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shull

The Vegan, Plastic & Climate Change Fecking Fanatics

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I'm not saying the contributors are not qualified. I'm saying that a TV programme by necessity is edited which means context can be lost. One scientist on that programme (I think it was this one) has complained publicly about just that - that his words were taken out of context and important caveats omitted.

"Sexed up" wasn't the best phrase - it wasn't really what I meant. I'm not saying the TV programme is being edited to manipulate an agenda. I'm saying that the edit process itself inevitably and unavoidably forces errors.

A peer reviewed journal doesn't suffer from editing problems and can be published in full.

BTW you are wrong about science not being published unless it agrees with current orthodoxy. Lots of controversial stuff gets published all the time but the things published have to have a solid basis in science.

I'm also not saying the peer reviewed scientific journals process isn't flawless but it is the best we have right now by some considerable margin.

Nothing else comes remotely close.

Double negative here. Are you really saying that peer review is flawless. The process is flawed because the editors of the journals select the "peers"

Possible problems with peer review

Like all human activities, peer review can be subject to biases in certain situations or if insufficient care is taken in the selection of reviewers:

  1. In very competitive areas of sciences, it is possible that reviewers are tempted to gain an unfair advantage when they receive a rival's work for review long before publication, and may even try to scoop the results. A good editor will be aware of the potential for such conflicts and take them into account when making his final judgment on acceptance of a paper.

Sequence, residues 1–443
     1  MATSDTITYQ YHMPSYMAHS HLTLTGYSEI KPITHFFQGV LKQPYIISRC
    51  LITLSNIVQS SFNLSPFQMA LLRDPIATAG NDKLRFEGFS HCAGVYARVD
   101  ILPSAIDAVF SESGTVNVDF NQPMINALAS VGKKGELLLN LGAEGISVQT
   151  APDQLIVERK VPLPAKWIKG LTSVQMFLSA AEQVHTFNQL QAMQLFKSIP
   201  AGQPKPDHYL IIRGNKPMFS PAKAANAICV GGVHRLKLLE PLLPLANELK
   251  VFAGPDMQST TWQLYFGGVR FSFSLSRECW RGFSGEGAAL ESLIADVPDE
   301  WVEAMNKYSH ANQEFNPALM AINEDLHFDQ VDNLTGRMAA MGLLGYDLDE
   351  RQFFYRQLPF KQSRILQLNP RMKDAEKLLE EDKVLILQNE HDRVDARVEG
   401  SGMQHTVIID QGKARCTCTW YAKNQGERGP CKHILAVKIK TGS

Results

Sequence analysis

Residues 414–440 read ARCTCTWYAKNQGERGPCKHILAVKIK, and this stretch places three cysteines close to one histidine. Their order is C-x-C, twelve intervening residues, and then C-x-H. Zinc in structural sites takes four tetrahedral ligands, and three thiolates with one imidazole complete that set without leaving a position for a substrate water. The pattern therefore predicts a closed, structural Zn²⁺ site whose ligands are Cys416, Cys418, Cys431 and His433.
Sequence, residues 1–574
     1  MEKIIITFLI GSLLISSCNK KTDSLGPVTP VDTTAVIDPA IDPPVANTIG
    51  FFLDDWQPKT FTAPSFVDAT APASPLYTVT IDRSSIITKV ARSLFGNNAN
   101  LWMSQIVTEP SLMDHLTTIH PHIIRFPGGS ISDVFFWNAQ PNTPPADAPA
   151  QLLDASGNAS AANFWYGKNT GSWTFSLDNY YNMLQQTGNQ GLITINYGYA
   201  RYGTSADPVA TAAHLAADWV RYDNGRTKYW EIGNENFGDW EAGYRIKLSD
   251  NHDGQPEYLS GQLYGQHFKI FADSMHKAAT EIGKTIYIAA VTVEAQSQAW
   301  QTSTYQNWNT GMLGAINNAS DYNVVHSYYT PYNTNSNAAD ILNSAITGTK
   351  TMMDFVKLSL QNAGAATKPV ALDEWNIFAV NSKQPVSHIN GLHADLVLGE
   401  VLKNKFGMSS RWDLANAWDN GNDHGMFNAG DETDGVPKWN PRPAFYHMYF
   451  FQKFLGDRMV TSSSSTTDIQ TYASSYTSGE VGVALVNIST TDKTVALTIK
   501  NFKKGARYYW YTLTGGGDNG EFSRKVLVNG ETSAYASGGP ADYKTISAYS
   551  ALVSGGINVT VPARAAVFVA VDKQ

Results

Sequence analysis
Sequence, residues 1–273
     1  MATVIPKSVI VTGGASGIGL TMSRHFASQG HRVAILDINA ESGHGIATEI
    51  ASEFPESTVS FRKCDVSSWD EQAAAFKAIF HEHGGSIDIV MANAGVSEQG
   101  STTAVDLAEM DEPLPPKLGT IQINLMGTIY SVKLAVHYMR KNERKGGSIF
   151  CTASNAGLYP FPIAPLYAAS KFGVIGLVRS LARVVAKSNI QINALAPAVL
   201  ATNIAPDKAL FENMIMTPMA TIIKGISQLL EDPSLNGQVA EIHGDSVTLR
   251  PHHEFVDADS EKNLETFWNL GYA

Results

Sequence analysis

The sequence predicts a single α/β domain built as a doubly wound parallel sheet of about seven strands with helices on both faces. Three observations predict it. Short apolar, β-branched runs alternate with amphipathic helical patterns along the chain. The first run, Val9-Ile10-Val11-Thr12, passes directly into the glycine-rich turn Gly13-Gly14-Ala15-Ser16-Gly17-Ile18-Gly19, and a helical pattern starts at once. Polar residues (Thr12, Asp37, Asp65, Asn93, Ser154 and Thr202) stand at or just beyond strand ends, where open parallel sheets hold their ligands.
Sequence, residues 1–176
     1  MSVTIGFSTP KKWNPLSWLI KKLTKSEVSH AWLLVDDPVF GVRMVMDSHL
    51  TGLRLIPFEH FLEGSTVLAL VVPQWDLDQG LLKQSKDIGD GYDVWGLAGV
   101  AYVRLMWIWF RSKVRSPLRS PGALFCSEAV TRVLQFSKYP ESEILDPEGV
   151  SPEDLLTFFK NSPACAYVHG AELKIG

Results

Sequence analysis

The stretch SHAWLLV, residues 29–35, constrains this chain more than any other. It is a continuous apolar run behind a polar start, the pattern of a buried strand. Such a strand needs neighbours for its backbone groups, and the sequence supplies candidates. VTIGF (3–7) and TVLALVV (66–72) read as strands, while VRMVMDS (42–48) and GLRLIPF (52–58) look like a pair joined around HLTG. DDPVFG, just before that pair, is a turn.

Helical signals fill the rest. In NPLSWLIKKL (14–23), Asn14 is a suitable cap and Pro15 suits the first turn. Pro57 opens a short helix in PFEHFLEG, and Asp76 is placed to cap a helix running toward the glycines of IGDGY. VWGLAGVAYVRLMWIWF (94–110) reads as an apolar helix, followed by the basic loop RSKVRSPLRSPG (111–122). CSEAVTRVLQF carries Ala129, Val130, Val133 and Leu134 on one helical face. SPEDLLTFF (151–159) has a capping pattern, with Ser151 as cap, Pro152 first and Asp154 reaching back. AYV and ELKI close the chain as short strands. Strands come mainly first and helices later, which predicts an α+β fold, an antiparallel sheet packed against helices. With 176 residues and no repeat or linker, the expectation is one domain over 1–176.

2. In the case of competing schools of thought, some reviewers might be influenced by their adherence to a certain point of view and give negative reviews to colleagues from an opposing school of thought. Again, the journal's editor should be able to judge this issue.
  3. If the field of experts for a given topic is small, there is a certain likelihood that the reviewer may have a relationship of animosity, rivalry, or friendship with the author that biases the review process.
  4. The peer-review process doesn't involve replicating experiments or studies in order to test their truth value. The reviews of submitted papers are only to detect glaring errors in methodology and to determine if the work, as it is presented, is suitable for publication. Therefore the process won't detect outright fraud immediately (unless it's blatantly obvious).
  5. In journals lacking real oversight from publishers, editorial board members may be able to publish their own articles by either bypassing the process or hand-picking their own peer reviewers. This created a small scandal in the mathematics community when Chaos, Solitons and Fractals was found to have carried hundreds of articles by its editor-in-chief, Mohamed El Naschie.